Main Loop Calls
The game uses CADisplayLink with interval of 1, so the main loop is called once every 16.7 ms (give or take a fraction of ms). I thought that perhaps CADisplayLink wasn’t playing well with touch events, so I tried switching to NSTimer, and even to my old thread-driven main loop, but none of it seemed to make any difference. Lag was alive and well as always.
That the simulation and rendering in the game are very fast, probably just a few ms. That means the rest of the system has plenty of time to process events. If I had a full main loop, maybe one of the two other approaches would have made a difference.
It looks like the lag source had to be further upstream.
On the dashboard, press and hold on an icon, now move it around the screen. That’s the same kind of lag we have in the sample program! That’s not encouraging.
A touch screen works as a big matrix of touch sensors. The Apple OS processes that input grid and tries to make sense out of it by figuring out where the touches are. The iOS functions eventually process that grid, and send our programs the familiar touchesBegan, touchesMoved, etc events. That’s not easy task by any means. It’s certainly not like processing mouse input, which is discrete and very clearly defined. For example, you can put your whole palm down on the screen. Where are the touches exactly?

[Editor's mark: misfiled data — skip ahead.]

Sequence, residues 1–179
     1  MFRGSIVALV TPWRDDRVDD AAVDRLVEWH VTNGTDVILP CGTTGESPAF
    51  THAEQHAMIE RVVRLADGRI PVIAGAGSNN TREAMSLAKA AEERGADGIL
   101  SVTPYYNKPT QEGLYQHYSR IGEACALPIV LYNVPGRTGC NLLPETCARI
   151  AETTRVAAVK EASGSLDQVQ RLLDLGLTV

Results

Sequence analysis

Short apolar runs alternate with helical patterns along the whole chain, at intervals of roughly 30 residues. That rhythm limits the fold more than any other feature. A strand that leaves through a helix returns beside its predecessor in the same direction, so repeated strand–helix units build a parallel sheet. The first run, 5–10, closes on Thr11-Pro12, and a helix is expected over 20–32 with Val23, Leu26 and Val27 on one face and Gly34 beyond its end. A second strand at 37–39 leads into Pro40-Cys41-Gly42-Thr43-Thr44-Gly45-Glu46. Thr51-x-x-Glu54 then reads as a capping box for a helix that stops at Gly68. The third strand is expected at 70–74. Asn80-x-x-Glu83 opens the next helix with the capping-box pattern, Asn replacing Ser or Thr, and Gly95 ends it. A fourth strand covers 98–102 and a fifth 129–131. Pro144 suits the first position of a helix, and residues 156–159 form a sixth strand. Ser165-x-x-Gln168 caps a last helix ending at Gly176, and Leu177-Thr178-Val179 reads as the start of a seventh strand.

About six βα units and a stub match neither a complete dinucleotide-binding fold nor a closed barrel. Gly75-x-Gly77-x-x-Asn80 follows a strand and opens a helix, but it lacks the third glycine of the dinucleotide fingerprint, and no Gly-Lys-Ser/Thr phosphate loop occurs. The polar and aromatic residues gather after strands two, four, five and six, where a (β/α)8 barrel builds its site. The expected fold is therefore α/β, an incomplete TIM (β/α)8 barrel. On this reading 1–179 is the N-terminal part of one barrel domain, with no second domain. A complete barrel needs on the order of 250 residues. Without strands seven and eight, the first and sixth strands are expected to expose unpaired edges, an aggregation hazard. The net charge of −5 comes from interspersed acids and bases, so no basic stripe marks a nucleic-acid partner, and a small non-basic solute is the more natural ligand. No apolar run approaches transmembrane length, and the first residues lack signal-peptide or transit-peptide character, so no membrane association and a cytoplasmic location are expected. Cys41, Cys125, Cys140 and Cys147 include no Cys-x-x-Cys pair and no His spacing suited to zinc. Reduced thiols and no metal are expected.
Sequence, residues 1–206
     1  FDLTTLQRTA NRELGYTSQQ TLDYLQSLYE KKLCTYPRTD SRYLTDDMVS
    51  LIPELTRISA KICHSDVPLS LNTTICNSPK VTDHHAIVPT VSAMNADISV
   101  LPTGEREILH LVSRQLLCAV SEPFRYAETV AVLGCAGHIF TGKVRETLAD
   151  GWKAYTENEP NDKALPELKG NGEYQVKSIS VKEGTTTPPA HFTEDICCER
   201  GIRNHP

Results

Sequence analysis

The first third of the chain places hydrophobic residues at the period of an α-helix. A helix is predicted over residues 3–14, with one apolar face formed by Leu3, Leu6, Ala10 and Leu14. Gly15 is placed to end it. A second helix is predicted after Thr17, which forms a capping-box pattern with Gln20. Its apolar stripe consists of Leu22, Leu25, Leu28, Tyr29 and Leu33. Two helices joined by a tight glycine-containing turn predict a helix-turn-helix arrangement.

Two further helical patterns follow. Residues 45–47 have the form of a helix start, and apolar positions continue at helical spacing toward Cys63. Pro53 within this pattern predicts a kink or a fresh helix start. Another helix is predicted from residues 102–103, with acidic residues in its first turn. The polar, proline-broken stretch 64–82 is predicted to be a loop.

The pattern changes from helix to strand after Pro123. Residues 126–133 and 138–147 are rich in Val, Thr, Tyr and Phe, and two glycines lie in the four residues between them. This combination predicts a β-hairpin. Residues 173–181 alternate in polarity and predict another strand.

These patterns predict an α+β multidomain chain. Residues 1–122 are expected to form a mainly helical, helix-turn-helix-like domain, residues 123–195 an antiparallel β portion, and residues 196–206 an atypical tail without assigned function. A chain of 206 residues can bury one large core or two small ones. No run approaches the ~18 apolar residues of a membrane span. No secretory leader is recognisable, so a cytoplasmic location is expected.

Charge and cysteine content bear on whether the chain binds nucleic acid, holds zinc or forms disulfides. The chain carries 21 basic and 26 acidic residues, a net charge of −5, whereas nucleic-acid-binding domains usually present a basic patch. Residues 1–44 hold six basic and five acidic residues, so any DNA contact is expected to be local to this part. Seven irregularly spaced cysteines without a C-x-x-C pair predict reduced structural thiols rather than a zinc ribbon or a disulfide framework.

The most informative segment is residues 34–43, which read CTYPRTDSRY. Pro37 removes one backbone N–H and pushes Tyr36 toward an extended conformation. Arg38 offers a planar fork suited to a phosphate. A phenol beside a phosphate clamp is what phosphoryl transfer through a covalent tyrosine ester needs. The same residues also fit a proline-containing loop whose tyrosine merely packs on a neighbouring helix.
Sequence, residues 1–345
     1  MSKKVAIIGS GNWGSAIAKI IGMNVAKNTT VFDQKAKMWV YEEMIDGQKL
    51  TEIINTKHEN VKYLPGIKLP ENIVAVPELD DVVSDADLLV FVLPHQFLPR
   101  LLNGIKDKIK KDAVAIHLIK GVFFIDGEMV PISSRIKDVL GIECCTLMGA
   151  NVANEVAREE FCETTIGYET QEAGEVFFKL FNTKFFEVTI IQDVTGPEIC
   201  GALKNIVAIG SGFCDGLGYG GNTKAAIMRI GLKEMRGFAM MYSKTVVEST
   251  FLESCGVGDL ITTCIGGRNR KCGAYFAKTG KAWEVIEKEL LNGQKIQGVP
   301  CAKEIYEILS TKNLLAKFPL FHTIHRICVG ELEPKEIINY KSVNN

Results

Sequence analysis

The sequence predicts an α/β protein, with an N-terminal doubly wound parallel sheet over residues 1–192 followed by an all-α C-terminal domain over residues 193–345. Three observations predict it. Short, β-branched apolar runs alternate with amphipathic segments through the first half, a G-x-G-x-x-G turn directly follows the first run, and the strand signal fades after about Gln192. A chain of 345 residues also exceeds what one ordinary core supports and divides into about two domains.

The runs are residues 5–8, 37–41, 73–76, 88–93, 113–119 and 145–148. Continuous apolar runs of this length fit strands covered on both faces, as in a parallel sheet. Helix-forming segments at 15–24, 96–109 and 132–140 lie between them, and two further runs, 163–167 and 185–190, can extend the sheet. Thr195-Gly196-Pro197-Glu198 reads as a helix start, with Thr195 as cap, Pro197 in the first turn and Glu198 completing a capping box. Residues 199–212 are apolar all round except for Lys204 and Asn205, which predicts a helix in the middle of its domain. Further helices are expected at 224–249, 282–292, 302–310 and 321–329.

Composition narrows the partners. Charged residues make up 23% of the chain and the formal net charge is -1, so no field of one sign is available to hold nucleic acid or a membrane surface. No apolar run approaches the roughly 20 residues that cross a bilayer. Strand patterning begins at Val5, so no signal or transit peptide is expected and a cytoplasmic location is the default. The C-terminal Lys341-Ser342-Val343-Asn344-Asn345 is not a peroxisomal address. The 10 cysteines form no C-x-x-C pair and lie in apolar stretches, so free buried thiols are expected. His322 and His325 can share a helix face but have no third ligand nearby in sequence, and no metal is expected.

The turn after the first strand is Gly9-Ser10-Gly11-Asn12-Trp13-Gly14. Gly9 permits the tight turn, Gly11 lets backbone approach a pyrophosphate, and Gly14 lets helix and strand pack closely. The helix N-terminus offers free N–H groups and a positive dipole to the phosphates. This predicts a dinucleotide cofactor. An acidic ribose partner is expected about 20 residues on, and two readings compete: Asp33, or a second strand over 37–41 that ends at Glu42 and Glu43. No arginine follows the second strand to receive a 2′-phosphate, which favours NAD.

TouchesBegan is actually a reasonably easy one. That’s why you see very little lag associated with that one. Sensors go from having no touch values, to going over a certain threshold. I’m sure that as soon as one or two of them cross that threshold, the OS identifies that as a touch and sends up the began event.
TouchesMoved is a lot more problematic. What constitutes a touch moving? You need to detect the area in the sensor grid that is activated, and you need to detect a pattern of movement and find out a new center for it. In order to do that, you’ll need several samples and a fair amount of CPU cycles to perform some kind of signal processing on the inputs. That extra CPU usage is probably the reason why some games get choppier as soon as you touch the screen.
Measuring lag in a game is tricky. You usually can’t measure it from within the code, so you need to resort to external means like Mick did in his tests.
I decided to do something similar. I pulled out my digital video camera, and started recording my finger moving on the screen. The quality leaves much to be desired, but it’s good enough for the job. I can see how far my finger gets from the center of the square, but that’s not enough information to quantify the lag. How fast is my finger moving exactly? Fortunately, that’s something I can answer in code, so I added that information to the screen . Now, for a given frame, I can see both how far the finger is from the center of the square and how fast it’s going.